Open data crowdlaw on the rise
According to the NYU GovLab, crowdlaw is “open, collaborative crowdsourced lawmaking”, further defined as “a tech-enabled approach for drafting [public policy], that offers an alternative to the traditional method of policymaking, which typically occurs behind closed doors and with little input from the people it affects.” As we have written previously, Sunlight believes that crowdlaw and open data policy make a perfect match, and, if 2016 is any indication, local governments agree.
In 2016 alone, we saw examples of six local jurisdictions undertaking open data crowdlaw efforts, resulting in eight collaboratively developed open data policy drafts, nearly as many as the nine open data policy documents we had seen opened up for online feedback and co-creation in all local US governments prior to 2016. Here are those jurisdictions and the relevant policy drafts:
- Washington, D.C. – Although none have been adopted as of writing, in 2016 the District shared three draft open data policies online for collaborative public feedback via drafts.dc.gov, an instance of the OpenGov Foundation’s Madison tool: the Office of the Chief Technology Officer (OCTO)’s “Draft Open Data Policy”, Councilman David Grosso’s “Strengthening Transparency and Open Access to Government Amendment Act”, and the OCTO’s “District of Columbia Data Policy 0.1 (Draft)”.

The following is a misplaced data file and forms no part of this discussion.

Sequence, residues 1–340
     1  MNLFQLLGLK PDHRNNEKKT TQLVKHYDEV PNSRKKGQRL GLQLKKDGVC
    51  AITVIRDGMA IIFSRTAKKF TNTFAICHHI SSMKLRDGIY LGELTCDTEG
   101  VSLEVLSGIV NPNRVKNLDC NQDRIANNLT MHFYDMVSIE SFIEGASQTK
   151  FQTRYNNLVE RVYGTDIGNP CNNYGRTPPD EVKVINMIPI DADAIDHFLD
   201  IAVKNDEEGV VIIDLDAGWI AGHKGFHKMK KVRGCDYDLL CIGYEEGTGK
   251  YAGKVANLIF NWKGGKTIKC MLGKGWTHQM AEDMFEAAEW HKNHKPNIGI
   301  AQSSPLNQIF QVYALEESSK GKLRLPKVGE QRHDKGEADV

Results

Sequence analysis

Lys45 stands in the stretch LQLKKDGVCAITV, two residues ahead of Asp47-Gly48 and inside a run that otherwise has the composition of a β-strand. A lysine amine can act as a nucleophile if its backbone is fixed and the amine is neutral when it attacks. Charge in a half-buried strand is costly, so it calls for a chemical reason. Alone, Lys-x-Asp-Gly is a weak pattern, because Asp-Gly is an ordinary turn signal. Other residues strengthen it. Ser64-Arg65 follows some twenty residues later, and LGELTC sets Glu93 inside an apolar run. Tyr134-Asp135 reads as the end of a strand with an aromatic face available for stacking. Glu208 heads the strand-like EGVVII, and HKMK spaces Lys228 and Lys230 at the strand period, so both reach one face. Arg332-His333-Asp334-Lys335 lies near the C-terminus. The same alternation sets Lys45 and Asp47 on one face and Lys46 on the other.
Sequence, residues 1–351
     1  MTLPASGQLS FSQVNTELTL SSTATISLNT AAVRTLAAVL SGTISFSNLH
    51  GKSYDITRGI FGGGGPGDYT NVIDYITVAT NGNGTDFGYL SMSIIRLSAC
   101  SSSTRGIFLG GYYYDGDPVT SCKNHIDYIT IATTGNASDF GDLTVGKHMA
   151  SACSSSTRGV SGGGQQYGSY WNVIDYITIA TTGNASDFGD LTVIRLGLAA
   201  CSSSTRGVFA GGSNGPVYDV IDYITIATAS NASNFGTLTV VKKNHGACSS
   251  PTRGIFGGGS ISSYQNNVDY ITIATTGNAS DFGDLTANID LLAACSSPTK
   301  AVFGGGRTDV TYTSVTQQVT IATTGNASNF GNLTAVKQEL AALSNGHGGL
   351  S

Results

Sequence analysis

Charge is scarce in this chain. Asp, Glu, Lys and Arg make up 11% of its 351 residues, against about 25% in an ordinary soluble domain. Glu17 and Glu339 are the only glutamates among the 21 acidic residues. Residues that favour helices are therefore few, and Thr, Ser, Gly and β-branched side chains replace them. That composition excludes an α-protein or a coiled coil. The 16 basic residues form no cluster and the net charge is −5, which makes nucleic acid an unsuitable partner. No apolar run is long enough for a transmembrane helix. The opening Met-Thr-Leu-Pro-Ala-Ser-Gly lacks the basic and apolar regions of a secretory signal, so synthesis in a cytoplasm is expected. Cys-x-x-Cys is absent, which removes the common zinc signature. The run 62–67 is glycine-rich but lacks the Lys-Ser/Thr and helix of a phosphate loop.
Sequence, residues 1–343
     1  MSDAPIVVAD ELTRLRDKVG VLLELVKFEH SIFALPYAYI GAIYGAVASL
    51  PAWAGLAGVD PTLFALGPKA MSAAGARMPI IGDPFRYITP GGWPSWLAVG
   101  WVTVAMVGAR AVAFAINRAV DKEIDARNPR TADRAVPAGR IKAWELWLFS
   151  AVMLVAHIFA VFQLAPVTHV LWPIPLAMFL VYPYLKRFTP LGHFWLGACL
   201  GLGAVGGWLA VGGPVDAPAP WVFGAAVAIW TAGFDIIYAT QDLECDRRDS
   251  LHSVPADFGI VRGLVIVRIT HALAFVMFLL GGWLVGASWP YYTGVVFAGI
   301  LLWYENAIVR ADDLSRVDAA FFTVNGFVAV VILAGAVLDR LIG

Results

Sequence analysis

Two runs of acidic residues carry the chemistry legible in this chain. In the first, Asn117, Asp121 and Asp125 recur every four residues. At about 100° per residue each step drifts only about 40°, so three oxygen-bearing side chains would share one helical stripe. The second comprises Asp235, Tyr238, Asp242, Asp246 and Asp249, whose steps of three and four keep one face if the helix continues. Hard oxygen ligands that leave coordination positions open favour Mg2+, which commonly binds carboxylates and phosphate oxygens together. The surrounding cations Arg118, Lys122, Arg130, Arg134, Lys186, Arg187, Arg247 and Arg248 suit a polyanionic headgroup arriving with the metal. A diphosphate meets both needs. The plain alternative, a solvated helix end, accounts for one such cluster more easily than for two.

- Las Vegas, Nev. – Adopted in April, Las Vegas’s “Policy and Procedure on Open Data” was first developed online as an open policy draft on Google Docs to allow for collaborative public feedback.